Abstract

miR-155 has multiple functions in many physiological and pathological processes. However, little is known about the expression characteristics of avian miR-155. In the present study, partial pri-miR-155 sequences were cloned from AA+ broiler, Sanhuang broiler and Hy-Line Brown layer, respectively. Stem–loop qRT-PCR was performed to detect the miR-155-5p spatiotemporal expression profiles of each chicken breed, and the target genes of miR-155-5p were predicted in Gene Oncology (GO) and Kyoto Encyclopedia of Genes and Genomes (KEGG) pathways. The results showed that the partial pri-miR-155 sequences of different breeds of chicken were high conserved. The expression patterns of miR-155-5p between broiler and layer were basically similar, and miR-155-5p was expressed highly in immune related tissues (spleen, thymus and bursa). In the same old chicken (14 days old), miR-155-5p expression activity of fat tissue all had higher level in the three chicken breeds, but the expression activities in skeletal muscle of broilers were significantly lower than that of layer (P<0.05). In different development stages of Hy-Line Brown layer, miR-155-5p expression activities in skeletal muscle of 14-day-old and 10-month-old layers were significantly lower than that of 24-month-old layer (P<0.05). Fat related target genes (ACOX1, ACOT7, FADS1, SCD and HSD17B12) and skeletal muscle related target genes (CCNT2, DMD, CFL2, MAPK14, FLNB, ZBTB18 and CDK5) of miR-155-5p were predicted, respectively. The results indicate that miR-155-5p may be an important factor inhibiting the fat deposition and skeletal muscle development in chicken.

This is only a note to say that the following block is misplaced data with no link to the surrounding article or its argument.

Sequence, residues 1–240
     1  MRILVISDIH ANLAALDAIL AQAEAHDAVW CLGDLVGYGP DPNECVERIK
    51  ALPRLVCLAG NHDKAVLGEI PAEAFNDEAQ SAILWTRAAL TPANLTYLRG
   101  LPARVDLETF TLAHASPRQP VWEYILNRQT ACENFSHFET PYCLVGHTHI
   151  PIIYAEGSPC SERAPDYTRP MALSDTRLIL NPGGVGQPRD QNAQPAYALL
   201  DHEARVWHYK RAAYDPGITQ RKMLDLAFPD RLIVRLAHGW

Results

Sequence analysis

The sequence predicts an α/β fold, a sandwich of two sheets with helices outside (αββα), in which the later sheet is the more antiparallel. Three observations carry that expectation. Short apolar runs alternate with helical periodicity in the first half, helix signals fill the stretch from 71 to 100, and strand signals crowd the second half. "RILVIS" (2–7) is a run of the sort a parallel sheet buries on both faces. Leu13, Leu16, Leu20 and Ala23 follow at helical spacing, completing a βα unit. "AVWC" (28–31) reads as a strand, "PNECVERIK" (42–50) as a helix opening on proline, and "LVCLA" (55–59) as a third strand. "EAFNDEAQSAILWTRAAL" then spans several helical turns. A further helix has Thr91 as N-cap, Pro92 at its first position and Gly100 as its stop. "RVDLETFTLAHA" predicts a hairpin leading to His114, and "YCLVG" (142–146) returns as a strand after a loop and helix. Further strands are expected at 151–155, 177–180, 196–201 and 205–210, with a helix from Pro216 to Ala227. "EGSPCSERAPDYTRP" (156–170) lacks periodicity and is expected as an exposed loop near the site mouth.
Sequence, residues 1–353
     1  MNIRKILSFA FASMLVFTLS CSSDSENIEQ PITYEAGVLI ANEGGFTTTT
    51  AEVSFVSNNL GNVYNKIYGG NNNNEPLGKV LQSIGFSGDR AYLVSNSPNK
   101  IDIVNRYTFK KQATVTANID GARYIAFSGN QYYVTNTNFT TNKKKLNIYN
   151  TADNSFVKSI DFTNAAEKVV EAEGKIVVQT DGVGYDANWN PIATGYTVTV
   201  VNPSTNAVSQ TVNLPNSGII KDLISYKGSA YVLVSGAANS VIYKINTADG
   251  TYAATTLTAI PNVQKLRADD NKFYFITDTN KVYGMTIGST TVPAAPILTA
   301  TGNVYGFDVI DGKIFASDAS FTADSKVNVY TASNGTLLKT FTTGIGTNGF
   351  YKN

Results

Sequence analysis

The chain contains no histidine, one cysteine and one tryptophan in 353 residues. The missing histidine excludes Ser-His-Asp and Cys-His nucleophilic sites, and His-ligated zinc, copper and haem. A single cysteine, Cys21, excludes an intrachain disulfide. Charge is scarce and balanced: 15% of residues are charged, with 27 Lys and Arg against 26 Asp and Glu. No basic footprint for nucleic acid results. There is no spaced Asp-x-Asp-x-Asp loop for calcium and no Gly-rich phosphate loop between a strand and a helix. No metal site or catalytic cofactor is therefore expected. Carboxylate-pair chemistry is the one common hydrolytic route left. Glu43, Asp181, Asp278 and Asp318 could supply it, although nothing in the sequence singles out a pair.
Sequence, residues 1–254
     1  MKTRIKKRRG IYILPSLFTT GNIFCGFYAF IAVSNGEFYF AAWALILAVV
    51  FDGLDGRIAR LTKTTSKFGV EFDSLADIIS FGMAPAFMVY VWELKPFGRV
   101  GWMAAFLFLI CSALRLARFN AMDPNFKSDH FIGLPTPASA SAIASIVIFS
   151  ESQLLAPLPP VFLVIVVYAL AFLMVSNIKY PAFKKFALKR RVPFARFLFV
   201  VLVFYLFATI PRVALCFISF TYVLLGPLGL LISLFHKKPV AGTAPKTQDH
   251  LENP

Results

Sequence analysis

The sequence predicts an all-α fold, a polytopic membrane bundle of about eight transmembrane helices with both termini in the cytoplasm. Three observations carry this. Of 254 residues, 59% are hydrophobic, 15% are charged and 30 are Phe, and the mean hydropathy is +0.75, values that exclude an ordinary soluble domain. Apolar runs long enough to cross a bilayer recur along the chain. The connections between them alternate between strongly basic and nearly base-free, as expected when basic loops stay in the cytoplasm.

Introduction